[Our Sunday Visitor, March 23, 2003]
Well, not hot dog, exactly. Not hamburger either, or fried chicken, or filet-o-fish; not even a milkshake. And that’s no baloney.
What’s left? Grains, vegetables, and fruits: oatmeal for breakfast, peanut butter sandwiches for lunch, spaghetti marinara for dinner. You get to know the mysteries of soy. (My friend Juli sings: “You made me tofu; I didn’t wanna try it, I thought I’d rather diet.”) You use Japanese, Chinese, and Indian cookbooks. Of course, ingenious food manufacturers offer many alternatives that are acceptable, if not natural. One Lent I searched among the items at a gas station. After reading dozens of labels, I came up with this: a Moon Pie.
For Orthodox Christians, it’s different. We believe that the “wages of sin” make us captives of Death, and Jesus rescued us by his blood. We would say that it was a sacrifice to the Father, as a brave soldier might offer a risky mission to his beloved general. But the soldier isn’t *paying* the general; Orthodox don’t think Jesus *paid* the Father, because the Father wasn’t holding us captive. The Evil One was holding us captive, and was overcome when Jesus invaded his realm and rescued us, at the cost of his own blood.
So for Orthodox Christians, this fast is akin to training for a triathlon. It’s a workout. St. Paul, of course, frequently used such metaphors, saying we should “strive like athletes for the prize.” The Greek word for athletic training is “ascesis.”
So we repent. We pray to be given deeper repentance, and confess our sins to Christ in the presence of the priest. The priest pronounces sacramental forgiveness, and can also give guidance about growing stronger to resist sin in the future. He is like a trainer giving an athlete exercises geared to his personal strengths and weaknesses. Fasting is one of the classic exercises, but they also include reading Scripture and other Christian works, attendance at services throughout the week, and constant interior prayer with mental vigilance to evaluate thoughts before embracing them.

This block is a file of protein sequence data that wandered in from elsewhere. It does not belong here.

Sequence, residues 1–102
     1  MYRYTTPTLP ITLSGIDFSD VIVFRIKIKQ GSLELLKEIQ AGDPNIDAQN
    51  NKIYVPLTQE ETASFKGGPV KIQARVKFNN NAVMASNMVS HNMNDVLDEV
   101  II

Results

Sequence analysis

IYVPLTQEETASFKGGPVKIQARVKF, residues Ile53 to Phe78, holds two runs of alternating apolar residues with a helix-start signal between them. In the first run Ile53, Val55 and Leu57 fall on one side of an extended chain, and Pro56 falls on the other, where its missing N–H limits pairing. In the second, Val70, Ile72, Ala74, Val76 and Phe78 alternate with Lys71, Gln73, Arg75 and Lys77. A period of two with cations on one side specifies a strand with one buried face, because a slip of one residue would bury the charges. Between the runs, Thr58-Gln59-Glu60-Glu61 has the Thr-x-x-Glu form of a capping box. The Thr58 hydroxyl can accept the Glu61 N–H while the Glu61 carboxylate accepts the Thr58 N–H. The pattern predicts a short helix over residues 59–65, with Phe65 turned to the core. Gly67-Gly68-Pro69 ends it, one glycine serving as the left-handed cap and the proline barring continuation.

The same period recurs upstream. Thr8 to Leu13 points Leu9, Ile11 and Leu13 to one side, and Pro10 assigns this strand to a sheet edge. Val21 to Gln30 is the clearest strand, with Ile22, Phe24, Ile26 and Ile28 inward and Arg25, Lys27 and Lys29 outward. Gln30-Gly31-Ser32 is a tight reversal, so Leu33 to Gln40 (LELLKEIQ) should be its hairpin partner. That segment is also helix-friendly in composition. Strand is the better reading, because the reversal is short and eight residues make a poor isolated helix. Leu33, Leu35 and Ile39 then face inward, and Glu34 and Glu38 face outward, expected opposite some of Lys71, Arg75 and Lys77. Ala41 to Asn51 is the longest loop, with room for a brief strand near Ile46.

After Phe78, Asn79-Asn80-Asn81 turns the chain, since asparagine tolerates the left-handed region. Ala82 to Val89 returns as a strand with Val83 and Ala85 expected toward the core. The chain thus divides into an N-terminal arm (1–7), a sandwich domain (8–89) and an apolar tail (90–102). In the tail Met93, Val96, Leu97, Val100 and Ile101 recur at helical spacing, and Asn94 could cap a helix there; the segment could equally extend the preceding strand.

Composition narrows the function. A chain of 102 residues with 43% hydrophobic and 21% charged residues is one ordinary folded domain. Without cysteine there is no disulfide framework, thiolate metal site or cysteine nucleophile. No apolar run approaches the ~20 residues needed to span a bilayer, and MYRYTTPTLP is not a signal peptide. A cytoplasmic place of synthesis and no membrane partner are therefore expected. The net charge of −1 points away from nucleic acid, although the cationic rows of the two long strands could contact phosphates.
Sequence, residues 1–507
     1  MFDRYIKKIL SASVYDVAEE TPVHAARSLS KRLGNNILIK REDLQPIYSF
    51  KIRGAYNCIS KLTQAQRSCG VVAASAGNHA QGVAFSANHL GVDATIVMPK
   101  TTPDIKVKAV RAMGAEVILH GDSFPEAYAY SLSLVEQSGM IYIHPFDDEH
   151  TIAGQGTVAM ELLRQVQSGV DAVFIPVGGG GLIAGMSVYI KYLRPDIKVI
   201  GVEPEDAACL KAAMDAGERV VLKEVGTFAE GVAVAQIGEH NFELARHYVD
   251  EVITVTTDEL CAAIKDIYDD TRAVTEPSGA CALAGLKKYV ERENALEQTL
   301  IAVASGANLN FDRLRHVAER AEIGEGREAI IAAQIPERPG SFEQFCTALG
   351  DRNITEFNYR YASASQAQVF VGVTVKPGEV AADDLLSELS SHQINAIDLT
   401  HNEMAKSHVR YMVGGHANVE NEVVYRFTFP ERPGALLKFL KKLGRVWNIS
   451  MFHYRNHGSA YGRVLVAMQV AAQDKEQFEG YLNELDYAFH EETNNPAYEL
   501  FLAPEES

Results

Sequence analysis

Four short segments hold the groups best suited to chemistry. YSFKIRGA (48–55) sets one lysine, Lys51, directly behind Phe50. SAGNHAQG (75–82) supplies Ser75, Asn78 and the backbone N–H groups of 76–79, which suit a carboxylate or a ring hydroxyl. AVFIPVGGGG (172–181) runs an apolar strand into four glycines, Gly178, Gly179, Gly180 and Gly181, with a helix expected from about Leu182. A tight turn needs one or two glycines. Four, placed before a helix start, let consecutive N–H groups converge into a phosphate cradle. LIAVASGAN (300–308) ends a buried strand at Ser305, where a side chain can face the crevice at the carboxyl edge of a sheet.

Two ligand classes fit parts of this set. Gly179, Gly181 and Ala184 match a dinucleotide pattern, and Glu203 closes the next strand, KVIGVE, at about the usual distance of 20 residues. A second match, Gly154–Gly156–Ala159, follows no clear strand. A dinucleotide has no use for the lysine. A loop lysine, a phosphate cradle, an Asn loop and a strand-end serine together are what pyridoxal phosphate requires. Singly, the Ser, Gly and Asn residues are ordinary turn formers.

Though this is the standard Orthodox Lenten fast, if you ask your friends you’ll likely find variation. An individual in consultation with his or her priest may be following an amended “exercise routine.” Perhaps the person has medical or personal reasons for mitigating the fast; perhaps they are just not spiritually strong enough, and the long weeks of Lent drag them down. Exercise should bend, not break, the athlete, and a weaker athlete must start with a smaller weight.
Not just individuals but whole parishes may observe the fast differently. From earliest years fasting followed community rather than universal guidelines. When St. Monica visited Rome she was surprised that they did not fast on Saturday before the Sunday Eucharist. She asked her pastor, St. Ambrose, about this. He famously replied not to be concerned about it, but “When in Rome, do as the Romans do.”
We begin the pre-Lenten season with the parable of the Publican and the Pharisee, noting that the prideful one who boasts “I fast twice a week” gains nothing by it. On Pascha, when the long fast is over, we hear St. John Chrysostom’s sermon reminding us that those who came to the vineyard at the eleventh hour received the same reward. Everyone is welcome to the Paschal feast, no matter how they kept the fast.
We have fasted all together, and at the end we feast all together, a bit stronger than when we started. No wonder we feel like celebrating. Pass the fatted calf!